Forest fires and the environment

An aerial view of the Carr fire.


An aerial view of the Carr fire.

Elizabeth Boysen, Staff Writer

Large forest fires in the US, particularly California, have become very common in the past couple of months, forcing evacuations of some towns in northern and southern California.

The Carr, Mendocino and Bull Draw fires burned a total of around 718,354 acres.

The Carr Fire, which has been revered as the sixth most destructive fire in California history, burned from July 23 to Aug. 30 over 229,651 acres.

1,079 residences, 22 commercial structures and 503 outbuildings were destroyed while 190 residences, 26 commercial structures and 61 outbuildings were damaged. Cities and towns were evacuated for fear of civilian casualties.

Another lesser-known fire currently happening in Northern California is the Mendocino Complex Fire, which been recognized as the largest fire in the state’s history. It has burned over 459,123 acres and is 98 percent contained as of Sept. 7.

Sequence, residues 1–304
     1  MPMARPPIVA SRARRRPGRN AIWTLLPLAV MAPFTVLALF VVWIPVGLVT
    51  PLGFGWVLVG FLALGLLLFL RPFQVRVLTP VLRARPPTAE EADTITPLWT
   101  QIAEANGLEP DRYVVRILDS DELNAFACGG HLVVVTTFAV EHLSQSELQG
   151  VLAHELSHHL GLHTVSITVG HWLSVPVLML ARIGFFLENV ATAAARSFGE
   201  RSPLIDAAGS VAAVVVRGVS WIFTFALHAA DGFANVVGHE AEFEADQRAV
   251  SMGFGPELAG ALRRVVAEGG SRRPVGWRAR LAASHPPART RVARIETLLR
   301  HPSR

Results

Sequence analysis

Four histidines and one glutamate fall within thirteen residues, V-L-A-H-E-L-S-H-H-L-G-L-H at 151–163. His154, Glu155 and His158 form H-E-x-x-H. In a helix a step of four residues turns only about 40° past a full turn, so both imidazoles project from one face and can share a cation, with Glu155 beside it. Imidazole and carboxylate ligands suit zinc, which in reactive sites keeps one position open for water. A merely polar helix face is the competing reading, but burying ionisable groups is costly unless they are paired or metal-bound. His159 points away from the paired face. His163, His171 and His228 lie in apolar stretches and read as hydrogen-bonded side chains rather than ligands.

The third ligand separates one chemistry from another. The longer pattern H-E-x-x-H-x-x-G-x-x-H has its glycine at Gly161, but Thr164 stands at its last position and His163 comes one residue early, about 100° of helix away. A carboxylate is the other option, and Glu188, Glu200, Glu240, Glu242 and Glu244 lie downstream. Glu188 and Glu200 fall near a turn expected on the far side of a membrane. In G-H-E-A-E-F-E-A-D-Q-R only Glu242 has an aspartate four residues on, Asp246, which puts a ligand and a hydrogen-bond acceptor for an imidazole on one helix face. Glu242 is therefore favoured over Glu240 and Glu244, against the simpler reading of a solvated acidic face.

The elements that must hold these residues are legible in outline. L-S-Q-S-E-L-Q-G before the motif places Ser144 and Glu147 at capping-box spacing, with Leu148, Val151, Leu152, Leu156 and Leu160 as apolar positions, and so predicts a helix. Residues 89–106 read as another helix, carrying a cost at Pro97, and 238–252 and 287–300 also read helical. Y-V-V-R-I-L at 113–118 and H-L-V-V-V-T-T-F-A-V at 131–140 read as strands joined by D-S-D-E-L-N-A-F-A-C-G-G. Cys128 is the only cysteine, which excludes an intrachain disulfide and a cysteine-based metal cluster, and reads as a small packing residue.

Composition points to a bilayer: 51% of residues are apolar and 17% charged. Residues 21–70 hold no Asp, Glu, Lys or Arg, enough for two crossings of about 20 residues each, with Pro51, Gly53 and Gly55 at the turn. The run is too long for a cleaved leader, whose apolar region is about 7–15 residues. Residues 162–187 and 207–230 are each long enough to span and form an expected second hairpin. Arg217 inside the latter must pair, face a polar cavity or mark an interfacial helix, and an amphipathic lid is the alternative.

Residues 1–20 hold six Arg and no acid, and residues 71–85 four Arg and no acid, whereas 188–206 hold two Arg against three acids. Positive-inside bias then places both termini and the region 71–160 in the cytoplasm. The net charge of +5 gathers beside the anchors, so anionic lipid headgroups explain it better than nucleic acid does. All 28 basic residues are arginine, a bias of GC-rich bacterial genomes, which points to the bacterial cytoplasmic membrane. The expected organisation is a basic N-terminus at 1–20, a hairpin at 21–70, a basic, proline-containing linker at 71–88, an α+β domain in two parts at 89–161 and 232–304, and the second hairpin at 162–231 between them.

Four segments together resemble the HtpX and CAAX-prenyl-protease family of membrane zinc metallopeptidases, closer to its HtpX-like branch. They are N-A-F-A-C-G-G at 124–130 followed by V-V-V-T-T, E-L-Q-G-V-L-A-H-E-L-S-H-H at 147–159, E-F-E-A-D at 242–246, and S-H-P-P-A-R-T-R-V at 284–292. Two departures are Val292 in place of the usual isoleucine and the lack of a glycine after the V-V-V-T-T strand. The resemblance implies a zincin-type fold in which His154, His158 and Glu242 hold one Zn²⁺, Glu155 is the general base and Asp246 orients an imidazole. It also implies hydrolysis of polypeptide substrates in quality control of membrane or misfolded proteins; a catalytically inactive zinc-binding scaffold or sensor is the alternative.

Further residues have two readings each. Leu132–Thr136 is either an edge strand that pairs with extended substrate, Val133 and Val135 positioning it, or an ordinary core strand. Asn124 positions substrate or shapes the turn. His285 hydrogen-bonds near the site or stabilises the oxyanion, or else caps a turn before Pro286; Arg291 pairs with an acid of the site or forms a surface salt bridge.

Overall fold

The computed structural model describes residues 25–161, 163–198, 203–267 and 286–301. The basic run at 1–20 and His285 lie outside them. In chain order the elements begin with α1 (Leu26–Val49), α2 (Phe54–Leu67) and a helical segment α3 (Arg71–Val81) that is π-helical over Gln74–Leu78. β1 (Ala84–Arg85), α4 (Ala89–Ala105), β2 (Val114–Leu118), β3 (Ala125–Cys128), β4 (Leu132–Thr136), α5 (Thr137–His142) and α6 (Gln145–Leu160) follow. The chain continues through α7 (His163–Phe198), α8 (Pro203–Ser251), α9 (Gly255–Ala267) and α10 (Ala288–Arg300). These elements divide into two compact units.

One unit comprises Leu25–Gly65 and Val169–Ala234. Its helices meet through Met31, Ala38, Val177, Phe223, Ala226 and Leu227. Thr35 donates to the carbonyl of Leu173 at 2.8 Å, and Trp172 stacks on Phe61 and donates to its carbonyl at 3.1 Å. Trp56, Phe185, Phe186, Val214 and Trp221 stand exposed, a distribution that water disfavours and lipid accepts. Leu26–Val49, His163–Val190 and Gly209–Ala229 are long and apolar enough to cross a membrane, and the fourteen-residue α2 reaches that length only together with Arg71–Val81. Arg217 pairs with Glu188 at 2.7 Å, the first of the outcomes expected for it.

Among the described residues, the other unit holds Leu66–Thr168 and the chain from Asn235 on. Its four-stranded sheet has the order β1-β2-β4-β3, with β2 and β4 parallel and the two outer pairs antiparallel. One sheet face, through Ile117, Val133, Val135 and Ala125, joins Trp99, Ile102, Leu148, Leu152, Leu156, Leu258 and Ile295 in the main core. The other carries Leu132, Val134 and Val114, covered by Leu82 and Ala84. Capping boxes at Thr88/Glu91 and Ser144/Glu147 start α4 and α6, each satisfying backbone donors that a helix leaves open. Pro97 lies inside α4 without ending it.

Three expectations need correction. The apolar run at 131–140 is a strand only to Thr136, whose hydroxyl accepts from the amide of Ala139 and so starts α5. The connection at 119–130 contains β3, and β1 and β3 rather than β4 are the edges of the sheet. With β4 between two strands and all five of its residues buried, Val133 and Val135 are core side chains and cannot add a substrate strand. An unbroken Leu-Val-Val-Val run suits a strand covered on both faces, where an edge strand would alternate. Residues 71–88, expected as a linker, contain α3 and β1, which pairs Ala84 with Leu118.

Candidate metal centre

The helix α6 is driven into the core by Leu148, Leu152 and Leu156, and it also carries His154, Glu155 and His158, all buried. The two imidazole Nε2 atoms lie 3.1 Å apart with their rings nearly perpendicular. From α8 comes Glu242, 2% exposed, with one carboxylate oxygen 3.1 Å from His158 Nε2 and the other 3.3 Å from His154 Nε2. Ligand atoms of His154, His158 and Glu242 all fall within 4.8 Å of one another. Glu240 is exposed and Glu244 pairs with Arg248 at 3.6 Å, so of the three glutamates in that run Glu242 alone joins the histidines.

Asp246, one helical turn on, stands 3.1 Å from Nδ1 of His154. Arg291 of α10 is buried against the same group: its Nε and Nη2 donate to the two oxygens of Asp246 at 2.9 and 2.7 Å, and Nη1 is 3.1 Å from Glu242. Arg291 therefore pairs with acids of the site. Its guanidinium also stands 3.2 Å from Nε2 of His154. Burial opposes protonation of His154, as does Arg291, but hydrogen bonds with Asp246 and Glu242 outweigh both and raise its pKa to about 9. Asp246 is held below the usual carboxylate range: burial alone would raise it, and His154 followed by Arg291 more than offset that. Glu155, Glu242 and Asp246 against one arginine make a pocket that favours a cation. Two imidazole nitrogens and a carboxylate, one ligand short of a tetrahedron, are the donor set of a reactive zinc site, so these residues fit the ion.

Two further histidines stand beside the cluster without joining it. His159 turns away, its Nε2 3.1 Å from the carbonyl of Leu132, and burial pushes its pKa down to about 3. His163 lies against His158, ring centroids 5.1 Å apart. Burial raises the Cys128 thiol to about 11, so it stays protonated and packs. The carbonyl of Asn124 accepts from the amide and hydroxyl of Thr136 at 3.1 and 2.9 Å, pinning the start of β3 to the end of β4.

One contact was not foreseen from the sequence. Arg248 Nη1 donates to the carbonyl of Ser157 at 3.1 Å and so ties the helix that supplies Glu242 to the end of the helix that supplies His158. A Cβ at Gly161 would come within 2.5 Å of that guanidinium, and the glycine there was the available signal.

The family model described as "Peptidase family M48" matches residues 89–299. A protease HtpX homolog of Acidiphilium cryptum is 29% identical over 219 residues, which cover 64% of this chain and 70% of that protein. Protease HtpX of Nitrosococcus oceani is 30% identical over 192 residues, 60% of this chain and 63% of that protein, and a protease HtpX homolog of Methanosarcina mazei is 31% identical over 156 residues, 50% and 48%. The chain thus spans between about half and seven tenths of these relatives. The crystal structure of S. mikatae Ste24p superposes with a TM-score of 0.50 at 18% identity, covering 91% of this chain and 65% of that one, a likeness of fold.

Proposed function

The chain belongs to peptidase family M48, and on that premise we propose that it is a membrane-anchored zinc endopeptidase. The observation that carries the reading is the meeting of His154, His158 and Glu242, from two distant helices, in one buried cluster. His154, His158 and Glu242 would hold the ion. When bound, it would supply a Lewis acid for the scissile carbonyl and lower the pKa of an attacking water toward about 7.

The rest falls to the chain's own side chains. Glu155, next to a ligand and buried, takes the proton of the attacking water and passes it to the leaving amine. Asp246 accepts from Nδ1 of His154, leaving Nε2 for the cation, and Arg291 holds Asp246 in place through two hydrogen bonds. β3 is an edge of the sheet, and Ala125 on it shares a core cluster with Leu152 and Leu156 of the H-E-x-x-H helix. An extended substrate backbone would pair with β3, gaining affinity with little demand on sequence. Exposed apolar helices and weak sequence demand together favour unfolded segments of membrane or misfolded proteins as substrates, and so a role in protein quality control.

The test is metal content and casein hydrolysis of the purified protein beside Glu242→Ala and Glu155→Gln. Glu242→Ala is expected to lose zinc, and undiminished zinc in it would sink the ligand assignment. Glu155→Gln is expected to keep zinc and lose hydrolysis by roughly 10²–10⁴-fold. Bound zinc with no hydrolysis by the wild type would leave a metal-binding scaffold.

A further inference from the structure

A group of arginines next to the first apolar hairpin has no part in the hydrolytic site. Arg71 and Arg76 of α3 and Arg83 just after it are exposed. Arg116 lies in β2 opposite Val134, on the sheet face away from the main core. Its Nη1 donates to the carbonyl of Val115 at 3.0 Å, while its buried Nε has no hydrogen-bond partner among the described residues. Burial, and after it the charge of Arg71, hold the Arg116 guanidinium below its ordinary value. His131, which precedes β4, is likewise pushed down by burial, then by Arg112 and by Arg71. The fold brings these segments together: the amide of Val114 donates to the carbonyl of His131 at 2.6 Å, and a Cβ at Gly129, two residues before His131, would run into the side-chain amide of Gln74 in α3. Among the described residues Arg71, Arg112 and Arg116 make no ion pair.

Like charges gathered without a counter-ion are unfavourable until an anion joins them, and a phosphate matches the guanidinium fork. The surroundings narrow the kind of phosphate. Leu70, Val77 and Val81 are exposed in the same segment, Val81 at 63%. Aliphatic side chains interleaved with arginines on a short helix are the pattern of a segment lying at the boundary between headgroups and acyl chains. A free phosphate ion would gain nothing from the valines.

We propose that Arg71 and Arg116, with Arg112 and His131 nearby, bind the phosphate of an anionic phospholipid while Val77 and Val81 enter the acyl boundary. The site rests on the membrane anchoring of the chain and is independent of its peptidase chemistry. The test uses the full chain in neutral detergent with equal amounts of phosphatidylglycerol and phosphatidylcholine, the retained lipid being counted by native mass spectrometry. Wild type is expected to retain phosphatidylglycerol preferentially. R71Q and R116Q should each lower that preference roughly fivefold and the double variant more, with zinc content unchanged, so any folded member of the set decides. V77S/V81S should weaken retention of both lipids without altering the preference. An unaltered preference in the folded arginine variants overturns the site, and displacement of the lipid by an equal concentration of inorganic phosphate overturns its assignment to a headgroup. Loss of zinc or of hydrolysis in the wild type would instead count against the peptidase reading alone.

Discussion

Colorado has been seeing some blazes lately, one being the Bull Draw Fire near the Uncompahgre National Forest. It takes up 30,580 acres and is 60 percent contained as of Sept. 6.

These fires do not just impact the people living near them, but the environment as well: the effects of these infernos worsen the land by more than just burning down trees.

Fires like these can destroy habitats for animals and contribute to deforestation. The smoke also creates harmful chemicals that can be a danger to human health. Also, the increased output of carbon dioxide contributes to global climate change.

According to the United States Fire Service, climate change will likely affect forest types and increase fire frequency. A changing climate means many trees and plant species will struggle to thrive in their changing environments, creating concerns about biodiversity.

These fires can also cause the soil in the areas they burn to change. After an intense fire, topsoil loses a lot of its nutrients, causing the trees that grow back to be less efficient at taking carbon dioxide out of the air. This ultimately furthers the effects of climate change.

Evacuated towns around the California fires have largely been able to return, but only the future will show the true effects of these increasingly dangerous fires.